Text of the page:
Halsey – “Bells in Santa Fe” Lyrics Meaning

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Written By Joanna Landrum

Joanna holds a BSc in English Literature and uses her expertise in literary analysis to uncover the deeper meaning of her favorite songs.

Halsey’s “Bells in Santa Fe” plumbs the evanescent aspects of existence, relationships, and self-value. This song isn’t just a tune; it’s a haunting contemplation of impermanence. While there’s no specific individual being sung about, the lyrics seem to revolve around a fleeting relationship and internal struggles. The song delivers a poignant message: “All of this is temporary.” Halsey’s use of repetition underscores the theme that life’s moments, good or bad, are all ephemeral. The recurring idea, “Don’t wait for me,” further communicates the inevitability of parting.

Craving a more in-depth exploration of Halsey’s “Bells in Santa Fe”? Stick around; there’s so much more to uncover about the heart of this haunting song.

“Bells in Santa Fe” Lyrics Meaning

The opening line, “Don’t call me by my name,” initiates a sentiment of disconnection. There’s an urge to distance oneself, to be recognized as an abstract entity rather than someone personal. This detachment is reinforced by the words, “All of this is temporary.” Whether referring to relationships, emotions, or life itself, the fleetingness is evident.

The lines “Well, maybe I could hold you in the dark” contrasted with “You won’t even notice me depart” showcase a dynamic of yearning and acceptance. There’s an intimate closeness yearned for, yet an understanding that this connection is impermanent and might go unnoticed.

“Secondhand thread in a second hand bed” might depict a sense of borrowed time or experiences that aren’t genuinely ours. The repetition of “second hand” emphasizes feelings of being secondary or not being the primary focus.

The striking comparison, “Jesus needed a three day weekend to sort out all his bullshit, figure out the treason,” gives perspective. If even divine entities need time to understand their existence, how much more complex is the human experience? With “Jesus, you’ve got better lips than Judas,” there’s a play on betrayal – perhaps suggesting that even those who should be trustworthy can cause pain.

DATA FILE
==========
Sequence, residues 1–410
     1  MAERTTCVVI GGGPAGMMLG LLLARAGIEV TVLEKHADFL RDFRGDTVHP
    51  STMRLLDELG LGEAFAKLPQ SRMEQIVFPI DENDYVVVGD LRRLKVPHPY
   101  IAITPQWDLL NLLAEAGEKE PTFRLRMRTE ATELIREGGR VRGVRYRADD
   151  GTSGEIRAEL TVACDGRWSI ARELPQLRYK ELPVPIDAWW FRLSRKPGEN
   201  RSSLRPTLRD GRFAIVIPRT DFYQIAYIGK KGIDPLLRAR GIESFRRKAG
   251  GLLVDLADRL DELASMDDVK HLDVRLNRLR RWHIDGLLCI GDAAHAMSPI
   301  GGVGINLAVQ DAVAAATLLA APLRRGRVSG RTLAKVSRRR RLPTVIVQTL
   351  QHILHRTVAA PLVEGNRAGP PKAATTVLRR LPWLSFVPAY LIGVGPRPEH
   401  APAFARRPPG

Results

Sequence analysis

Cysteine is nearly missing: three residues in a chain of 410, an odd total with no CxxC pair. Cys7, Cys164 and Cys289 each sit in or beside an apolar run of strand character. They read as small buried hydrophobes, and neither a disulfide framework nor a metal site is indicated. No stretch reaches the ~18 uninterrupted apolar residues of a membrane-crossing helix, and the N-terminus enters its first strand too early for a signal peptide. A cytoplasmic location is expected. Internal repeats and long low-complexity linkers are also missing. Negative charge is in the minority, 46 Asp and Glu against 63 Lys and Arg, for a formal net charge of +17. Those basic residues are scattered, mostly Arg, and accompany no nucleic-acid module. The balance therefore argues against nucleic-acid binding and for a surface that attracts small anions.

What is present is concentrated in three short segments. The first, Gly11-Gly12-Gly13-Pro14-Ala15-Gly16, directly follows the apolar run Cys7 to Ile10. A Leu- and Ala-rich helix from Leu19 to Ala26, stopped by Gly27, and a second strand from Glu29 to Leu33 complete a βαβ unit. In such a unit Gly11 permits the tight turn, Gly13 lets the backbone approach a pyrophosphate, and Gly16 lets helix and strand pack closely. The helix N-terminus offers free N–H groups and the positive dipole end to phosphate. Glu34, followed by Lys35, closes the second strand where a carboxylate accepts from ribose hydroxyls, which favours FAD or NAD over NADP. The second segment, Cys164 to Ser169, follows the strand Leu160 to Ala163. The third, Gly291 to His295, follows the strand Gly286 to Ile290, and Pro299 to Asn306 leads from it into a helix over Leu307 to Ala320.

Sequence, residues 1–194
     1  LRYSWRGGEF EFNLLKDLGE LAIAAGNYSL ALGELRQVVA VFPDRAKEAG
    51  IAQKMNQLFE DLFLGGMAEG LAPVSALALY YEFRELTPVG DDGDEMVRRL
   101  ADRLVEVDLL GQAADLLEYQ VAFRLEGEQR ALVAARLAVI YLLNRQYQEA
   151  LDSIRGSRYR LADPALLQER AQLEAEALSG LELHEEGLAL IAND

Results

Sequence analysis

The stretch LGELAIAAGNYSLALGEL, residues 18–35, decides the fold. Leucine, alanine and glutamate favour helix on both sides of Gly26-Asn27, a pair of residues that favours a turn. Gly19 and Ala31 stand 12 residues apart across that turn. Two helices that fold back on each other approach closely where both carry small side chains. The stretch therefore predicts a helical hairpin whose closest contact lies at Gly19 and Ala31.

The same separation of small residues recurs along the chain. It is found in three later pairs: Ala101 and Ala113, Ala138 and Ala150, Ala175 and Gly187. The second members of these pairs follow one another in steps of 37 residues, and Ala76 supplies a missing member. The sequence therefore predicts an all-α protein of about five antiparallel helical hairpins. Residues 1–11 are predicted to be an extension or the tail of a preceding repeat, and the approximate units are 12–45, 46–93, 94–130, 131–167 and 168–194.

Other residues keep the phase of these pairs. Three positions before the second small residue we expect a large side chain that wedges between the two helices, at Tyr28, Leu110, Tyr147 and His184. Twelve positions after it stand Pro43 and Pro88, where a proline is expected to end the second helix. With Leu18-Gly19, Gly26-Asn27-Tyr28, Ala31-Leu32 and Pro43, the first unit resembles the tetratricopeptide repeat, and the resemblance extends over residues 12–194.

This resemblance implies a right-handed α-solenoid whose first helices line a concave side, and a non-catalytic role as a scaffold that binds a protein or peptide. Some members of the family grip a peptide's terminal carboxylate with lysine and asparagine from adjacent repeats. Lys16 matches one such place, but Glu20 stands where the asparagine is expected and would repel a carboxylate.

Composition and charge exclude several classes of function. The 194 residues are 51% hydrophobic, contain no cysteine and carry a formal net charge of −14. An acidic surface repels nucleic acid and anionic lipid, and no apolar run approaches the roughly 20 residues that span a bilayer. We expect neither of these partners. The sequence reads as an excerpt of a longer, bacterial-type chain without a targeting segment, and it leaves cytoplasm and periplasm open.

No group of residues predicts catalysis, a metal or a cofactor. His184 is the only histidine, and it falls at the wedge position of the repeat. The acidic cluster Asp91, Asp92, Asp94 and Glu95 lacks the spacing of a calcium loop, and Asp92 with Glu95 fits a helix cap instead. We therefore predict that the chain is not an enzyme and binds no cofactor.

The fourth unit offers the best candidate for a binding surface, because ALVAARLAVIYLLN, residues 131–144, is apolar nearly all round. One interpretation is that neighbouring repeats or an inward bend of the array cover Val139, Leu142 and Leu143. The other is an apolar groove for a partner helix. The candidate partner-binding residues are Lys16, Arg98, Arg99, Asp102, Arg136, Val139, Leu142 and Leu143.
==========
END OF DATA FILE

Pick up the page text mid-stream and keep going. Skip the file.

The continuous plea, “Don’t wait for me,” carries an essence of heartbreak. A desire to spare someone the pain of waiting, an acknowledgment of one’s own transitory nature.

The Story Behind “Bells in Santa Fe”

Halsey’s genius is often in her vulnerability and raw emotion, and “Bells in Santa Fe” is no different. Knowing her history and personal struggles, it’s possible that this song reflects her own experiences with relationships, identity, and battling her internal demons.

Throughout her career, Halsey has been candid about her own mental health struggles and personal challenges. This song might very well be a manifestation of that openness, a glimpse into the labyrinth of her thoughts. Lyrics like “Better off dead so I reckon I’m headed to hell instead” strike as profoundly personal, painting a picture of internal turmoil and battles with self-worth.

“Bells in Santa Fe” could also be seen in the light of Halsey’s journey as an artist. The pressures of the industry, the constant scrutiny, and the feeling of being ‘temporary’ in an ever-changing world of music. The lines “All of this is temporary” could be her way of reminding herself and her listeners that success, fame, relationships – nothing lasts forever.

Moreover, the song’s sentiment might echo the complexity of love in the modern age. The transient nature of relationships, the sense of being replaceable or ‘secondhand’, and the challenges of genuine connection.

In essence, “Bells in Santa Fe” is a haunting reflection of life’s transient moments, a reminder of our fleeting existence and the ever-present search for meaning and connection.